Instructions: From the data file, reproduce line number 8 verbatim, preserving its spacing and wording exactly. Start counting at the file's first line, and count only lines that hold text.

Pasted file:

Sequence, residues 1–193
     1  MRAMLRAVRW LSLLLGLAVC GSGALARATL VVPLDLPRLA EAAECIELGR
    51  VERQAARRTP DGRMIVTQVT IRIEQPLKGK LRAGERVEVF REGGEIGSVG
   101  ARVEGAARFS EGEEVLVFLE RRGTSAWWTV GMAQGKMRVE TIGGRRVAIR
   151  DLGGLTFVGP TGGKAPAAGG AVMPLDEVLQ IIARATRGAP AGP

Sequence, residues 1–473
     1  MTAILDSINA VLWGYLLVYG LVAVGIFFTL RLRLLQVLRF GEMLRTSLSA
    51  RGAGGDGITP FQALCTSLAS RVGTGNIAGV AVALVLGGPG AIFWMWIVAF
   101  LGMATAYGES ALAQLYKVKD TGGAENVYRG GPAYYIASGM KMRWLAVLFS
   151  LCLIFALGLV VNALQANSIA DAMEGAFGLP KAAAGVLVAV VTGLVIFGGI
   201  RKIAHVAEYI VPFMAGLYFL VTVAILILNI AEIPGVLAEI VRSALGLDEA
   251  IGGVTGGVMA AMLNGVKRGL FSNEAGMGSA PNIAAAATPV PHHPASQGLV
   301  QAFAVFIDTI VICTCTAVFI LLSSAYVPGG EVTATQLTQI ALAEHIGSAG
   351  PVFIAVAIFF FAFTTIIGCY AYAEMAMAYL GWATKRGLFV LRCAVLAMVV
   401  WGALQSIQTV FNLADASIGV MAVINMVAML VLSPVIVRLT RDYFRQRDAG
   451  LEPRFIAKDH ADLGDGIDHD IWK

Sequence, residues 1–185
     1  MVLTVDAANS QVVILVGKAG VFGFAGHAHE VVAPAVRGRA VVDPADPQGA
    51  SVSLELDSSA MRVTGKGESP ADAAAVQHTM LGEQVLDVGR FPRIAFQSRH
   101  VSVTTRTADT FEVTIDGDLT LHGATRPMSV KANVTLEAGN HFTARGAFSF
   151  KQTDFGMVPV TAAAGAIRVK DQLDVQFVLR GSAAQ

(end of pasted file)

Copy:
    51  RGAGGDGITP FQALCTSLAS RVGTGNIAGV AVALVLGGPG AIFWMWIVAF